Sunset Park, located in Southwest Brooklyn, has played a significant role in the City’s development – both as a maritime and industrial center and as a gateway neighborhood for successive waves of immigrants. While Sunset Park’s industrial waterfront declined considerably in the 1960s and 1970s – largely as a result of global economic trends and development of containerized shipping – its strategic location on Upper New York Bay, extensive industrial infrastructure, access to a large local labor pool, and connection to major transportation networks serving New York City as well as the wider region, maintained its importance as a working waterfront. Economic development policies and programs put into place in the last two decades have generated substantial reinvestment in the area.” From Community Board 7’s 197-A Plan for Sunset Park, 2007
In the last ten years, the reinvestment in Sunset Park’s waterfront has far outpaced expectations. Despite the recession, the number of businesses increased by 56 percent between 2000 and 2014, four times faster than the citywide rate, according to a report by the New York State Comptroller. This growth is in part attributable to investments in infrastructure and open space by the Economic Development Corporation, which include $100 million of improvements over twenty years to Brooklyn Army Terminal, the SIMs Recycling facility and Bush Terminal Park which opened in 2014. Neighborhood activists like Elizabeth Yampiere from UPROSE worry this economic growth is leaving the residents behind. “People who work in this neighborhood live in this neighborhood. And now we’re going to lose it to gentrification,” she told the New York Times. Some believe that recent redevelopment of manufacturing space like Industry City and Made in New York have displaced more jobs that they have created.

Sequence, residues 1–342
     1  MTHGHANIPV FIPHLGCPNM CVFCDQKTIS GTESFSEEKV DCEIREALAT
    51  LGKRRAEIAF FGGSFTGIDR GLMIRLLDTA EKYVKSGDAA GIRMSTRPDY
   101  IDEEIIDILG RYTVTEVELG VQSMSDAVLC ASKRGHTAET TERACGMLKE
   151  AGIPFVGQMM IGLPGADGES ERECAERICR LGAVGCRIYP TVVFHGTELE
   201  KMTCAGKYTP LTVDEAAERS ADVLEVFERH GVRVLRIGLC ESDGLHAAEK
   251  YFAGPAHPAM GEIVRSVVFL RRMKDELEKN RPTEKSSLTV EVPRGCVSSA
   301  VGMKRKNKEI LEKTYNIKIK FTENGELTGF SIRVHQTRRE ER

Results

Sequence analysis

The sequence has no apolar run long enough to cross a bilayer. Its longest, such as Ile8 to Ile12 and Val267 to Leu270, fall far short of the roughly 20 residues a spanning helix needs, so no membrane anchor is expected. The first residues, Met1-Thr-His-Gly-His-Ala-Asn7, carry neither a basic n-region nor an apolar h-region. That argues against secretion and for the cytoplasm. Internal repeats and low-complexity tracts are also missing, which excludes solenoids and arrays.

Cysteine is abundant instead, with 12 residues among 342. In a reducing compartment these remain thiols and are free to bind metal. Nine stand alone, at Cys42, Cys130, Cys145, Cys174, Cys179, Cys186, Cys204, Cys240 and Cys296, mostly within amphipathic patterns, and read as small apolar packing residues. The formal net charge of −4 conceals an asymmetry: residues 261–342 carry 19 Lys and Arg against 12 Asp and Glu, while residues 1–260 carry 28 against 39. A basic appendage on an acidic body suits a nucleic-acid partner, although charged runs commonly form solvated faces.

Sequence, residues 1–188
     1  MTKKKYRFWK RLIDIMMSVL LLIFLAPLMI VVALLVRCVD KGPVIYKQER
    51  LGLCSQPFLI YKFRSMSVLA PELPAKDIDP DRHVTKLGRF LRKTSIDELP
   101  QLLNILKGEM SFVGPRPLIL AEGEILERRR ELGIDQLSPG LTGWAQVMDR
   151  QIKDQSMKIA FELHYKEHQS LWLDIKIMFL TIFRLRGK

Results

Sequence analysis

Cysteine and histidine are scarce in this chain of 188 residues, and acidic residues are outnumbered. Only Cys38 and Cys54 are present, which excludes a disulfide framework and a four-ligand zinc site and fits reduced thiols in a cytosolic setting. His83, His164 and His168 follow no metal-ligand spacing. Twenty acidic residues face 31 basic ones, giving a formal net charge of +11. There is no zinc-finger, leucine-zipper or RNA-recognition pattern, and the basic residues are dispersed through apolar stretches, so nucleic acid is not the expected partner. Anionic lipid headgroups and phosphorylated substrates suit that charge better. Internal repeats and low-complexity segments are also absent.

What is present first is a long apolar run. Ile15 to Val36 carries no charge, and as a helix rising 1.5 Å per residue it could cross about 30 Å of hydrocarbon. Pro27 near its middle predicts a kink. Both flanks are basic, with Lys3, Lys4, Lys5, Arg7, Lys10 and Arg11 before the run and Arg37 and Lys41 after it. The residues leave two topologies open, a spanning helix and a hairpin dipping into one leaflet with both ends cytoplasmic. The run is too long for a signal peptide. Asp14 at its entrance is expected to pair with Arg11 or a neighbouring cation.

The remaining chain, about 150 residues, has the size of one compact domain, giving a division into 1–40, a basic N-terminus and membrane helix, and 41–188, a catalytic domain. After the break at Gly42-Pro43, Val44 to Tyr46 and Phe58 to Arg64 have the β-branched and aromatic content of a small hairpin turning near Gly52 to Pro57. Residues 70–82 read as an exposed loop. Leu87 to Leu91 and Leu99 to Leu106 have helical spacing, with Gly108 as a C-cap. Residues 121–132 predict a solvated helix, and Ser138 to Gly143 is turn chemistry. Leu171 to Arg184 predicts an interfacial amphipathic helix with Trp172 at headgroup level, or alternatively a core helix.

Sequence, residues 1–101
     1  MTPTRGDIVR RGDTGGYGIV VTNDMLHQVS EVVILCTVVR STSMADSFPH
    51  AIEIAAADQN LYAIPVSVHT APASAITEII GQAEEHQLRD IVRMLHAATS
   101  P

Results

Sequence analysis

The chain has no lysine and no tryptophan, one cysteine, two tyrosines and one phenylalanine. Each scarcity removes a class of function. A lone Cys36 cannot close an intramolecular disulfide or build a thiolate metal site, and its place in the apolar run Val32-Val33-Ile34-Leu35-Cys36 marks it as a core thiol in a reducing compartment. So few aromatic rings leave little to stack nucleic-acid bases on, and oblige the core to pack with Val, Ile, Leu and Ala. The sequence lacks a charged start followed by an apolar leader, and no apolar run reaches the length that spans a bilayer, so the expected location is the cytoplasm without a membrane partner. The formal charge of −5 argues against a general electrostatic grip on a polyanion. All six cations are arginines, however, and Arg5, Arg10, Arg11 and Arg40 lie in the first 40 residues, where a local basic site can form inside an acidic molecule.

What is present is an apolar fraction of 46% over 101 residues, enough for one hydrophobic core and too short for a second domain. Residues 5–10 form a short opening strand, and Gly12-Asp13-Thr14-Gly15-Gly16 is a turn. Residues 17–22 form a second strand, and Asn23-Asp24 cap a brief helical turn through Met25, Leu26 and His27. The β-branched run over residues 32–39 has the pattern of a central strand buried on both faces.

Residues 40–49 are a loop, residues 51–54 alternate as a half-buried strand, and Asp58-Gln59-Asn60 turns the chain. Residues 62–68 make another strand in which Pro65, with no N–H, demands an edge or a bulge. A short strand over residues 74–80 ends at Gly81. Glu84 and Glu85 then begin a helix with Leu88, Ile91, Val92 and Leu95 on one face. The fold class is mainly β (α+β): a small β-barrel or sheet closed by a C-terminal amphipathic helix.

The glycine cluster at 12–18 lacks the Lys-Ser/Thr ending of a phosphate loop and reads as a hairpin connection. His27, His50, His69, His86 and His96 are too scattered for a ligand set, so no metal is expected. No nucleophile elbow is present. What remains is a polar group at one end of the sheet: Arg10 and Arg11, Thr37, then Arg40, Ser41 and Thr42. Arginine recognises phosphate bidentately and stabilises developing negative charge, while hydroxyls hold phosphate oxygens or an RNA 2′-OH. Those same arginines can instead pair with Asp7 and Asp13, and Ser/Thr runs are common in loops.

Despite the growth in businesses, Sunset Park has not seen as dramatic an increase in housing costs in recent years as other parts of Brooklyn; however there is strong concern that displacement is inevitable. Today 55% of Sunset Park’s residents are considered housing burdened, meaning their housing costs exceed 30% of their income. Many resident believe that the proposed BQX line will accelerate this crisis of affordability.
Housing Snapshot from Furman Center